But today’s consumer wants a more one-of-a-kind experience that adheres to their values, needs, and aesthetic.
While 73% of millennial customers are willing to invest more into their purchases if they know they’ll be supporting sustainable products, they still want to be able to rely upon the lightning-bolt-fast turnaround times established by Amazon Prime. To accomplish this mission, reshoring is the answer and having smaller, local factories will pave the way forward.
What Is Reshoring?
One out of five manufacturing companies uses factories in China as part of their supply chain. Most of the time, this allows for significant cost reductions that help businesses maintain profitability while customers still get discounted rates. However, a lack of diversity in the supply chain and a supply chain far from a business’s customer base can spell trouble.
Last year, a trade war broke out, which resulted in U.S. businesses scrambling to find inexpensive, reliable alternatives to the factories they had long-established relationships with in China and raising domestic prices to account for the taxes and duties imposed on the goods still exported from China.
Then, in February of this year, when the COVID-19 pandemic forced factories in China to shut down, 60% of the North American companies Thomas surveyed reported that they were impacted.
Reshoring brings manufacturing back to the country where the business resides. Back in February when we first surveyed North American companies to see if they were interested in reshoring, 54% of them were actively considering the switch. We recently did another round of surveying and, as of July, found a statistically significant 15% leap.
Now, more than 69% of North American businesses want to bring production out of Asia and back home.
Why Millennials Care About Reshoring
Reshoring hinges upon opportunities to improve the ethics in how products are sourced and manufactured; creating and filling highly innovated jobs in Industry 4.0; and satisfying customers with both the quality of goods and the speed at which they can get goods.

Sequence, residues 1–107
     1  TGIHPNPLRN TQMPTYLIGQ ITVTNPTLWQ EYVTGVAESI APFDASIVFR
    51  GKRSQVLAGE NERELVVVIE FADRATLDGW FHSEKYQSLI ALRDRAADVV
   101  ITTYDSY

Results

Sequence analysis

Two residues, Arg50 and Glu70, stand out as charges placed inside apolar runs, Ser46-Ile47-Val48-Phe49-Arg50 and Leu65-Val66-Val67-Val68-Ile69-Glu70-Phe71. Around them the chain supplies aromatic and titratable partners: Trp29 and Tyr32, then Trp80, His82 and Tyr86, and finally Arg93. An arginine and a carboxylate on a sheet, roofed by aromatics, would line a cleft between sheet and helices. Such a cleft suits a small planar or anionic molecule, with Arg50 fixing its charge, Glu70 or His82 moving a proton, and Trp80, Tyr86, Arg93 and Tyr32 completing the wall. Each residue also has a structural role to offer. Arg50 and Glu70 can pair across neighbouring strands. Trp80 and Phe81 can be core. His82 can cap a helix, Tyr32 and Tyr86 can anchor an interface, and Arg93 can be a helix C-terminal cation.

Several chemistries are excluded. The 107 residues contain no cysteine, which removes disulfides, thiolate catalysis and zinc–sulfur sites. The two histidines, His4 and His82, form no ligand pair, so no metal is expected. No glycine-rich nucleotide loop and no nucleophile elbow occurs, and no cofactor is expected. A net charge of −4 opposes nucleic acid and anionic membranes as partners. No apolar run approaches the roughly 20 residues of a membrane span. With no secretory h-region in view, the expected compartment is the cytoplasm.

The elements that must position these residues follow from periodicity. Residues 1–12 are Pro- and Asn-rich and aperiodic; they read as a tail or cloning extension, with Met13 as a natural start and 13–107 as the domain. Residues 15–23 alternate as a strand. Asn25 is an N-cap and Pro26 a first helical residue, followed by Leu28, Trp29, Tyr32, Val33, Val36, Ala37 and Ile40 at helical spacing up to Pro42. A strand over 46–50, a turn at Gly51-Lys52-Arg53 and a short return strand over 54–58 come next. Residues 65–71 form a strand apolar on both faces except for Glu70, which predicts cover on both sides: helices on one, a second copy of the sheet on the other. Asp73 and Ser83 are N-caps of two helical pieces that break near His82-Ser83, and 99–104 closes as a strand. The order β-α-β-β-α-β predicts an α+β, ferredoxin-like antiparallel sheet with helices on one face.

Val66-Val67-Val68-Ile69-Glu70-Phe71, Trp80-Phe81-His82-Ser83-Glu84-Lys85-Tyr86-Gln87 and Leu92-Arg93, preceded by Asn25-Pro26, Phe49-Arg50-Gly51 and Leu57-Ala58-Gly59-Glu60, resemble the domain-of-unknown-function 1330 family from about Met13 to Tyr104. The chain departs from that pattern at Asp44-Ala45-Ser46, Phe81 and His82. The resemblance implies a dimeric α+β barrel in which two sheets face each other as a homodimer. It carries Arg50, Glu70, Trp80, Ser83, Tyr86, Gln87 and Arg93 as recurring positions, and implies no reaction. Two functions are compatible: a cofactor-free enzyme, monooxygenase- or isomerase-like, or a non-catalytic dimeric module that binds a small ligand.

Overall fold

Ethics in the Supply Chain
Today’s customer wants to know and buy into the story behind the product they’re purchasing. They want to know where a good comes from, how it’s made, and who made it. Words like “fair trade,” “cruelty free,” “ethically sourced,” and “sustainable” are not merely buzzwords — customers rightly care about ethical procurement.
According to a Deloitte survey, 36% of millennials have “deepened a business relationship” because of a company’s standards of ethical sourcing, while 37% have in fact “stopped or lessened” purchases from a business that does not source ethically. Another 81% of consumers strongly believe environmentalism should be taken into consideration by companies.
This is not to suggest that outsourcing and offshoring are inherently immoral. As Dr. Dale Rogers pointed out in a recent Q&A with Thomas Insights, manufacturing overseas has often been mutually beneficial in improving the quality of lives for those in the U.S. and abroad.
However, unethical actions do occur in links within the supply chain. In 2018, the North Carolina-based company Badger Sportswear relied on third-party inspectors who gave their Chinese supplier a pass. AP journalists, however, found in an investigation that the factory was actually relying on labor from minorities who had become modern-day slaves forced into manufacturing. Meanwhile, last year, some countries in Africa increased scrutiny of practices related to the chocolate supply chain, which resulted in some buyers moving their businesses to other African countries that did not hold as stringent of ethical standards in the treatment of their workers.
By reshoring, companies can keep a closer eye on their supply chain, ensuring it upholds ethical responsibilities related to labor and environment.
More Fulfilling Jobs, Reduced Debt for Millennials
Speaking of labor, reshoring offers opportunities for employment and career advancement for millennials.
As the millennial generation is typically defined as those born between 1981 and 1996, those who were entering the job market during the Great Recession of 2007 to 2009 felt the wrath of the economy acutely.
As a gauge, peak global employment was in October 2009, when someone born in 1988 would’ve been 21, a typical age for someone graduating from college and looking for employment that was scarce even for those with significant experience. An astounding 24% of millennials took unpaid jobs just to gain experience, according to the Pew Research Center. Now, once again now, with the COVID-19 pandemic, there has been mass unemployment.
Fortunately, there is a silver lining in the manufacturing industry. While many businesses were forced to temporarily shutter, many manufacturers were considered essential; some innovated to pivot their factories to create PPE, thereby making themselves essential and useful; and some even had to hire more employees as production ramped up.